Your Six Essential Steps to Lower Blood Glucose
Diabetes is a condition in which our bodies struggle to process glucose. Glucose is a special type of substance (a type of sugar) that the body makes from the foods we eat, in order to give us fuel to live. Glucose is NOT the same as table sugar, nor does it come exclusively from eating too many sweets. The body will turn most carbohydrates and starches into glucose.
Now, there is a catch: our bodies cannot use glucose directly. They need insulin in order to utilize glucose. Insulin (a special hormone our pancreas makes) – is like a gate keeper which allows glucose to enter cells and muscle tissues. The problem is that in a person with diabetes, this insulin has either stopped being able to do its gate keeper duty (it becomes resistant), or the pancreas has stopped making enough insulin altogether. When this happens, the body can quickly become overwhelmed with excess glucose, leading to many complications over time.
With this in mind, we need to help the body not have more glucose than it can process, at any given time. We can do this in six easy steps:
- Learn About Carbohydrates and Portion Sizes: Since glucose comes primarily from carbohydrates, it makes sense that we learn the most about them. “What is a portion size for rice, and how many total carbohydrates are in it?” “What kind of carbohydrates are in juice?” etc. The type and quantity of carbohydrates that we choose will have a great impact on our glucose levels. Choose carbohydrates which are high in fiber, and low in sugar. They will burn more slowly, and keep our levels steady. Stick to non-starchy vegetables and leafy greens for your major sources of fiber, and eat whole grains, starches, and sweets in moderation.
- Have Scheduled Meals and Snacks: Having three meals a day, as well as scheduled snacks, allows us to divide up the total amount of carbohydrates we consume into chunks so that the body is more able to process them efficiently. This helps reduce chances for high and low blood glucose episodes which may result in moodiness, hunger binges, feelings of deprivation, etc.
- Cut Back on Excess Fat: Consider reducing fat portions and eliminating saturated fats from your diet. Stick to heart-healthy Omega-3 fats, which may be found in avocados and olive oil. However, make sure to enjoy them in moderation. Too much fat (even healthy fat) can play a role on our body’s ability to process glucose by exacerbating insulin resistance and causing our bodies to ‘dump’ excess stored glucose into our bloodstream.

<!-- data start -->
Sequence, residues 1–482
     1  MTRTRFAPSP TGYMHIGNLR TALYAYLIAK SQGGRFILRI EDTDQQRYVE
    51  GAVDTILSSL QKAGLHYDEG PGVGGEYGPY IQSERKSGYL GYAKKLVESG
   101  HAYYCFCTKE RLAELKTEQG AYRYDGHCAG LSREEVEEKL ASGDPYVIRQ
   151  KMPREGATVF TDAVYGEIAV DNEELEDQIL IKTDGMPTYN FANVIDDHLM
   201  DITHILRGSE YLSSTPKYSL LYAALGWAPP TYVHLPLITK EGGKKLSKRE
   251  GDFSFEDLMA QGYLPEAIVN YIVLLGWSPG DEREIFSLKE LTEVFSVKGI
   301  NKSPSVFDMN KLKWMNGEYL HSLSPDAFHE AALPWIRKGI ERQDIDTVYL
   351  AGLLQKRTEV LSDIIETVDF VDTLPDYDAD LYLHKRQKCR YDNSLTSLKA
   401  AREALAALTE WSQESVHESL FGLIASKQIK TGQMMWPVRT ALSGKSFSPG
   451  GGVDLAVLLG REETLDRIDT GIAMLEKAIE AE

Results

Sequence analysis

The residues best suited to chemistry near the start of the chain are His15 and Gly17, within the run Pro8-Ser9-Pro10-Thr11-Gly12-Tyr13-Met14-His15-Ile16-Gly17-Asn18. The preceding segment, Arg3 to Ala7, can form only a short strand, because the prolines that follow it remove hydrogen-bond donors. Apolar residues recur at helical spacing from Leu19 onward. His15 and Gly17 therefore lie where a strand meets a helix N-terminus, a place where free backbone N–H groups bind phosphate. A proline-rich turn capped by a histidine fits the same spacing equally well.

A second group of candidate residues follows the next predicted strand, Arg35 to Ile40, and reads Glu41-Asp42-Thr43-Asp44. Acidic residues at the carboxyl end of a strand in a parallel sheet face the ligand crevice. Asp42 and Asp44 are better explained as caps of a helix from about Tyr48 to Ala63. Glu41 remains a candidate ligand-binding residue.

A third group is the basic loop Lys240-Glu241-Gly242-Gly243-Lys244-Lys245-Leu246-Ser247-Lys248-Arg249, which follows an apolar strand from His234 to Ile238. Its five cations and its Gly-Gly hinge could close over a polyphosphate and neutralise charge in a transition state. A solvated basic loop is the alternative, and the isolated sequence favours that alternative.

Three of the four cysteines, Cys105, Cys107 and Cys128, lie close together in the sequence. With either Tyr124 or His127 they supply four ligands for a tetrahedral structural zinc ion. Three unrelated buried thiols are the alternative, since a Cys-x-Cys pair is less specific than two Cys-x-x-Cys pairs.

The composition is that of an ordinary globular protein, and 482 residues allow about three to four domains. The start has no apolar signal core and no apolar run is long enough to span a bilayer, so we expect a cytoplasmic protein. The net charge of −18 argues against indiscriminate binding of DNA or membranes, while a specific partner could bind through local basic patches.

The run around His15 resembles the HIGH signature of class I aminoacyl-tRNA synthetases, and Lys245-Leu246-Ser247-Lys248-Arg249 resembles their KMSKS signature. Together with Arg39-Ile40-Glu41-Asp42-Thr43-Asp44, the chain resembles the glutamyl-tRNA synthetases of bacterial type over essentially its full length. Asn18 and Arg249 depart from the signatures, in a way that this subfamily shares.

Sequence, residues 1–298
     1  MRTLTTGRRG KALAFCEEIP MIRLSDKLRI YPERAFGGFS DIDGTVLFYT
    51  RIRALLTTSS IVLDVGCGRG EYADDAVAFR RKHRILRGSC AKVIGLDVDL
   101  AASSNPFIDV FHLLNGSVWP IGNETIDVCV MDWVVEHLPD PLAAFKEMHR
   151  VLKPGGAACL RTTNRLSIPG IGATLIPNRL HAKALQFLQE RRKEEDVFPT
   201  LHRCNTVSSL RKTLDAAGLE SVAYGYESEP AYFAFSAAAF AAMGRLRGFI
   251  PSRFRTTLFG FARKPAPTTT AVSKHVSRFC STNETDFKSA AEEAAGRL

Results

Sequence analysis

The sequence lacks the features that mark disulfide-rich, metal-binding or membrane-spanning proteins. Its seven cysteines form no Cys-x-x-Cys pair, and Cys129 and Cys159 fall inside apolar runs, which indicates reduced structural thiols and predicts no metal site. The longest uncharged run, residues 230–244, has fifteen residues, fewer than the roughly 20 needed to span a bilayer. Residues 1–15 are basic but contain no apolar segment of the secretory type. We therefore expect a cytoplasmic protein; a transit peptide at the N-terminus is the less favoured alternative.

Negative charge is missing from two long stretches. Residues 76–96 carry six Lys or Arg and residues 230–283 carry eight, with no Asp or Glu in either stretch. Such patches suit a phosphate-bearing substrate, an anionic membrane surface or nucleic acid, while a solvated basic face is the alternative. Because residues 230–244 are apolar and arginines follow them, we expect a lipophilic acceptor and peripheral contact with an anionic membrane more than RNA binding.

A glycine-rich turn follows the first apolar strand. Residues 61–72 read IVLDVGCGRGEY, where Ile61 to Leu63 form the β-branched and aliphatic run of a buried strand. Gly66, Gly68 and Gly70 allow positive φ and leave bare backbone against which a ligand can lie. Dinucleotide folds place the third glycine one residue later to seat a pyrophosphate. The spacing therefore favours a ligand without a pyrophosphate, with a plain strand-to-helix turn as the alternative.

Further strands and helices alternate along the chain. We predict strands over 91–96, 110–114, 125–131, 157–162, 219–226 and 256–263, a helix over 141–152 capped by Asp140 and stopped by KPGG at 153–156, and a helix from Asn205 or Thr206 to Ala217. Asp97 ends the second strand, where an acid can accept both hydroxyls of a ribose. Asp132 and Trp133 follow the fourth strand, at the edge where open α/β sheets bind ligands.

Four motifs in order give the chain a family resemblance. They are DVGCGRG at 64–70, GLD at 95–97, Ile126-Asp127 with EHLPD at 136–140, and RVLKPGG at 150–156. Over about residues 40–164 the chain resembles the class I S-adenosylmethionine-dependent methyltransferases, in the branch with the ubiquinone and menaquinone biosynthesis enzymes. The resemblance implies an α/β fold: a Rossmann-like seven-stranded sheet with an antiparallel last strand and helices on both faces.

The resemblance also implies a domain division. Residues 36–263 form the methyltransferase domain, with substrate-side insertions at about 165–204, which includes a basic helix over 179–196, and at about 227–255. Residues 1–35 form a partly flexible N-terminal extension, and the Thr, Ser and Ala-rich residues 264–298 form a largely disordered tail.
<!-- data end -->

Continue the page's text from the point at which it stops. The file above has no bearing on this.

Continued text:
- Use a Glucose Monitor to Test Before and After Eating: The first step in solving any problem is to do a little detective work: just how bad is the problem? How high is my blood glucose, and how are the foods I’m eating affecting it? We won’t know until we test! Keep a little log book of your meals, carbohydrate types and portion sizes, fats, and what your glucose levels were before and after eating. Is your glucose number too high? Try having half a baked potato instead, and a larger portion of broccoli, for example. Note how that changes your levels.
- Exercise Regularly: Schedule in some exercise, whether it be a few times a week of intensive cardiovascular activity, or going for a walk after meals. Going for a walk before, or after meals, greatly helps our body be more sensitive to insulin. It is almost like an ‘instant medication,’ having an immediate impact on our glucose levels. Consult with your medical team before implementing an exercise regimen that is right for you.
- Keep Taking Your Medication(s): If you are on any medications, take them regularly, as prescribed. Some medications may seem like they are no longer needed, but they only work as we keep taking them because they are cumulative – they need to build up in our systems in order to do their work. Some medications may also have unpleasant side effects which tend to resolve with time. Staying on a medication might seem counter-intuitive, but stopping it altogether might be risky. Patients who have questions or concerns about their medications should seek to speak to their clinicians before making any drastic changes.
Getting a handle on diabetes might seem more complicated when we’re only looking at one or two pieces of the bigger puzzle – but when we know the bigger picture, we’ll learn how to fit the pieces together with the help of our medical teams.
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